In addition, I made sure to network with professionals in the field, which helped me to learn about different job opportunities that were available. I would advise students to take advantage of the resources that their school has to offer, and to network with professionals in the field in order to learn about different job opportunities.

ClimbtheLadder: What are the most rewarding aspects of your career? What are the most challenging aspects of your career?

Nancy Burch: The most rewarding aspect of my career is the satisfaction I get from helping to develop new treatments for patients. It’s very gratifying to know that my work is making a difference in people’s lives. The most challenging aspect of my career is the pressure I feel to perform at a high level. There is a lot of pressure to produce results quickly and efficiently.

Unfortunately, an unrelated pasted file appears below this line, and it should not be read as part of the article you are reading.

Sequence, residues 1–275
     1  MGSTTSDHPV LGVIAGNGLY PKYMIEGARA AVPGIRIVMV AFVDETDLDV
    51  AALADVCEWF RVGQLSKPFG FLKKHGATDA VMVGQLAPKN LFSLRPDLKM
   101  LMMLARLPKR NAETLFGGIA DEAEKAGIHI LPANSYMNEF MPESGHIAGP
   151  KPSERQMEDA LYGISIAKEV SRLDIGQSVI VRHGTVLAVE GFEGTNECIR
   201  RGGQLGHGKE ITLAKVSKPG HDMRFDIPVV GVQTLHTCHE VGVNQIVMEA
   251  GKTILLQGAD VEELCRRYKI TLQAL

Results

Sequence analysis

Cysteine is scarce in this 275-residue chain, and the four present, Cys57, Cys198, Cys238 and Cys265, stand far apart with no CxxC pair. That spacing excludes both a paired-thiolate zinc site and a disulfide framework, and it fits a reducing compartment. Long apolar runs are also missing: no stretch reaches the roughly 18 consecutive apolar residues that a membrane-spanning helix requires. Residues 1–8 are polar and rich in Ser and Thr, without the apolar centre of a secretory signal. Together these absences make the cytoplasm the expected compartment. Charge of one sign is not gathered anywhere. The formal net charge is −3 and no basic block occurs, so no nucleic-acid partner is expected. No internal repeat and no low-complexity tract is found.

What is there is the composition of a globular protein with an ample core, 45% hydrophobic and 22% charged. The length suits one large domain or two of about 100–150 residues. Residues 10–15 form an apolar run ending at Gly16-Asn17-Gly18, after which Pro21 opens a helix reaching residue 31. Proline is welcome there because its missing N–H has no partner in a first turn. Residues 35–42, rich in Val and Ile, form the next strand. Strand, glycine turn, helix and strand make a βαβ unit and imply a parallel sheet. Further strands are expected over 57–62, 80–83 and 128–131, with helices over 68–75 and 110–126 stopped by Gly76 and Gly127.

ClimbtheLadder: What misconception(s) do people have about a Biotechnology degree, and what would you tell them?

Nancy Burch: I think the biggest misconception about a biotechnology degree is that it is only for people who want to be doctors or medical researchers. While those are certainly valid career paths, there are many other options available for people with this degree.

For example, I work in the pharmaceutical industry, and I use my biotechnology degree every day. I work on developing new drugs and therapies, and I also work on improving existing ones. I also work on quality control for our products. So, if you’re interested in the biotech field, there are many different options available to you.